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Millikin University - Decatur, IL
Courses : EN301
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Course ID


Course Section

Cross Listing 1


Cross Listing 2


Cross Listing 3


Course Title

Scriptwriting For the Screen 



Number of Credits

Course Maximum Enrollment

Adult Enrichment


Willing to ProRate?


Text Book(s) Required

Aristsotle’s Poetics; Moritz’s Scriptwriting for the Screen; Tierno’s Aristotle’s Poetics for Screenwriters.

Instructor(s) Name

Braniger, Carmella  

Instructor's Email


College or School Name

College of Arts and Sciences 

Class Date(s)


Meeting Days


Meeting Times


Room Request

Kirkland 128 


EN 300 is an invitation to explore specialized topics and genres in creativewriting at the advanced level. This semester, you will have the opportunity to script for the screen. At the heart of any good film is story. As a class, we will study the fundamentals of storytelling and learn techniques and strategies for screenwriting. We will begin the course with a theoretical discussion of Aristotle’s Poetics, which lays the groundwork for scriptwriting of all kinds. As we study specific practical techniques and strategies for screenwriting, we will look to successful traditional and contemporary screenwriters as examples for our own writing. Scripts and films we may read and view include but are not limited to Kill Bill (Vols. 1 & 2), Rushmore, No Country for Old Men, Raising Arizona, Groundhog Day, and The Big Fish.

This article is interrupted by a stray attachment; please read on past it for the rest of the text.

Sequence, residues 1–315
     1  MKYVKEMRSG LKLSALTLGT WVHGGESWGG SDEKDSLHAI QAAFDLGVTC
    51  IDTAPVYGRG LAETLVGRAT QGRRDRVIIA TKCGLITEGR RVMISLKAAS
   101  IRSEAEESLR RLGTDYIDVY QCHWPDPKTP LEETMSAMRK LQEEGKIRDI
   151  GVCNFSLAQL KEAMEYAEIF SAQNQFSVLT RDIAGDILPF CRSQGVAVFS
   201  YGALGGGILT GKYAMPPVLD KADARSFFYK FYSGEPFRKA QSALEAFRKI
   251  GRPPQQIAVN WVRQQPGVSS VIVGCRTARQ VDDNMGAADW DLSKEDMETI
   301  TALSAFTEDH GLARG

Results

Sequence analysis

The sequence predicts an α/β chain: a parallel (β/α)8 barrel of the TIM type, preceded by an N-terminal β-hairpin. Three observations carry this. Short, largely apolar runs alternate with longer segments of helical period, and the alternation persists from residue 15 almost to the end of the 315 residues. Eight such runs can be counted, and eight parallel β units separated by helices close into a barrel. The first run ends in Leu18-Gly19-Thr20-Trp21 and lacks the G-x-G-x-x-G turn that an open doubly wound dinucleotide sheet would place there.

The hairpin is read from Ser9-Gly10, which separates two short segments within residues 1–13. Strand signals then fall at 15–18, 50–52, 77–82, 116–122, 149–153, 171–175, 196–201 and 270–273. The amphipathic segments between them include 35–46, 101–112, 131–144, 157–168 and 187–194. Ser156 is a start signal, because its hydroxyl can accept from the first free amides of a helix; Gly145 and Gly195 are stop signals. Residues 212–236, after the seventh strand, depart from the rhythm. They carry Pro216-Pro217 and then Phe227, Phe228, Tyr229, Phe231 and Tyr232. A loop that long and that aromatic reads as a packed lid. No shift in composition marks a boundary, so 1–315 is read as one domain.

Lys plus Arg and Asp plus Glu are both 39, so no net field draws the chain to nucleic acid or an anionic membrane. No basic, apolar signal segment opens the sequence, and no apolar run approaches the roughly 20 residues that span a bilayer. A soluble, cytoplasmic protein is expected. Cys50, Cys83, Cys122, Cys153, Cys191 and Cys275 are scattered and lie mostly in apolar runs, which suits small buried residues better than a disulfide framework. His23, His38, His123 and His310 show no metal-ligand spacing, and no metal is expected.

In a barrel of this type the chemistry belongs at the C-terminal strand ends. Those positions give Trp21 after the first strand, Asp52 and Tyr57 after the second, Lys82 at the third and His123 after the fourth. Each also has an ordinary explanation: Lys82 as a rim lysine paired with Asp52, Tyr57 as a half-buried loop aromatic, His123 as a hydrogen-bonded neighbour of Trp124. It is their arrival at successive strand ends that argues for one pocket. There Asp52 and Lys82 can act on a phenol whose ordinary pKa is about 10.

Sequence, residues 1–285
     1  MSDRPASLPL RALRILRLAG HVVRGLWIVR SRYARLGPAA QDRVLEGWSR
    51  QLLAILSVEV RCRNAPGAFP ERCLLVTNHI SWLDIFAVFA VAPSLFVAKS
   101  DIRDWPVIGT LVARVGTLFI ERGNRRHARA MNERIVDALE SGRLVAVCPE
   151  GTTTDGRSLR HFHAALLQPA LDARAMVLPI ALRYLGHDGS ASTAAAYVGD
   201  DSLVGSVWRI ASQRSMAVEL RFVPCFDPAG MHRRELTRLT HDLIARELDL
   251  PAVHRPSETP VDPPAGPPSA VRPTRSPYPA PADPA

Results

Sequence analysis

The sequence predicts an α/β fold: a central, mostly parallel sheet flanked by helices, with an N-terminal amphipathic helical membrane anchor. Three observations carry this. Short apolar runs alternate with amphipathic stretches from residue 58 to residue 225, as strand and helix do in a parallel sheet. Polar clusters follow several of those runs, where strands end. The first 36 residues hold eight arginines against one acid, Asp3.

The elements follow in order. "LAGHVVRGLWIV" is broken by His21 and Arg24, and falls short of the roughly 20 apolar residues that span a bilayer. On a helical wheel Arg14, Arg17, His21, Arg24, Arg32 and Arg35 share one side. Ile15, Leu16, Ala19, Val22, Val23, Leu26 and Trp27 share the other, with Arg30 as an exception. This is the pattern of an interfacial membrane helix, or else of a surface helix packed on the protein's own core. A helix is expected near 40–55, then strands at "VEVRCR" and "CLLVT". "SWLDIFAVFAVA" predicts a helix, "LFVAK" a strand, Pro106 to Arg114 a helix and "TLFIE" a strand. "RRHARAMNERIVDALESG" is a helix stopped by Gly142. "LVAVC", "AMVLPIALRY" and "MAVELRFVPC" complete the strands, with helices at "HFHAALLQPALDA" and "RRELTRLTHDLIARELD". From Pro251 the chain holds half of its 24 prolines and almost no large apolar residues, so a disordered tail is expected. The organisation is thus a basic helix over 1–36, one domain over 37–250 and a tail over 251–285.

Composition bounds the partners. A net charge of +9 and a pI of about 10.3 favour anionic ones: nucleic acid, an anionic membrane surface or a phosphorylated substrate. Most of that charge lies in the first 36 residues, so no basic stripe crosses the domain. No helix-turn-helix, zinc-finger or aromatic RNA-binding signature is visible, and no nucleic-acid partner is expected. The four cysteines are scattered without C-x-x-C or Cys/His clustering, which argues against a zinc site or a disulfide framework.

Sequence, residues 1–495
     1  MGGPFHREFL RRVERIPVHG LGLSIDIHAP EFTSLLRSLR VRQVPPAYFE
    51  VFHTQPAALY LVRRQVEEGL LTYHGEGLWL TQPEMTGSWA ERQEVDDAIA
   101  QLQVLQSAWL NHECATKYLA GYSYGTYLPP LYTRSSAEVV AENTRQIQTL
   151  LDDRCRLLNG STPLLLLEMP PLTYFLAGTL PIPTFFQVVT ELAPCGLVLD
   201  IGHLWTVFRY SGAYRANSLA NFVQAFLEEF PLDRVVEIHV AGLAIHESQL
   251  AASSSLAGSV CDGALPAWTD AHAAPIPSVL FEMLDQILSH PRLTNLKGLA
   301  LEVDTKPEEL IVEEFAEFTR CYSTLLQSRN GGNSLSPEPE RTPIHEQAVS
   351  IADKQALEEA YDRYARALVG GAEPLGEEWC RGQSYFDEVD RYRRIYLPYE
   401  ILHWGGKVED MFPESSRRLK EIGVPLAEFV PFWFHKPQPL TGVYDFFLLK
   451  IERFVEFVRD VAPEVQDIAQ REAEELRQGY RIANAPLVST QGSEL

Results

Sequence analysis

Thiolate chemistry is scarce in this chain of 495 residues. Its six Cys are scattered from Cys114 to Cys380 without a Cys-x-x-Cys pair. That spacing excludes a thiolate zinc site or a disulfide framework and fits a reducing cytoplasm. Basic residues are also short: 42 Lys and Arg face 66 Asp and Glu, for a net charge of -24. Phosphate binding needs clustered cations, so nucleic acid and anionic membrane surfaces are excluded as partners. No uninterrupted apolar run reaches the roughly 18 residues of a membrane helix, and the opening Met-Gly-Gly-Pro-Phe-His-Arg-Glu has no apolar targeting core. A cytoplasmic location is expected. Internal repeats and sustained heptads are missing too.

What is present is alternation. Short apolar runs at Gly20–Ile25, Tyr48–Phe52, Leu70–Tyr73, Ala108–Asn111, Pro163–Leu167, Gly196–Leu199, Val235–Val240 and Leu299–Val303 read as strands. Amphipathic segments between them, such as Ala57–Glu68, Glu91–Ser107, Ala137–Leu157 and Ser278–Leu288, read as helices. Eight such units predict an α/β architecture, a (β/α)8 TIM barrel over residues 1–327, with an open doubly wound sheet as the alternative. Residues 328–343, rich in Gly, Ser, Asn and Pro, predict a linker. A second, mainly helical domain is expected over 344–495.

At the heart of any good film is the story or narrative. As a class, we will study the fundamentals of storytelling: discovering a plot, utilizing action and idea, telling a story in images, using sound to tell a story, developing the main character of the story, establishing a clear context and/oroccasion for the story and using dialogue to tell the story. We will also learn the following techniques and strategies to help us write: storytelling strategies, visualization strategies,contextualization strategies, dramatic strategies, characterization strategies and dialogue strategies. Other situational tactics to consider when writing for the screen and stage are those of negotiation, disruption, violation, destruction, and transformation. We will also want to examine the importance of audience expectations, subtext and catharsis, the use of metaphor and moment and the classical forms of storytelling. 



Immersion Term

Summer 2014 



International Travel Course


Reg Form Lookup

EN301  Scriptwriting For the Screen 
Content Type: Item
Created at 11/27/2013 6:04 PM  by Carmella BranigerNo presence information 
Last modified at 1/15/2014 2:41 PM  by Kathlyn J HoushNo presence information 
Millikin University - Decatur, IL
Millikin University - Decatur, IL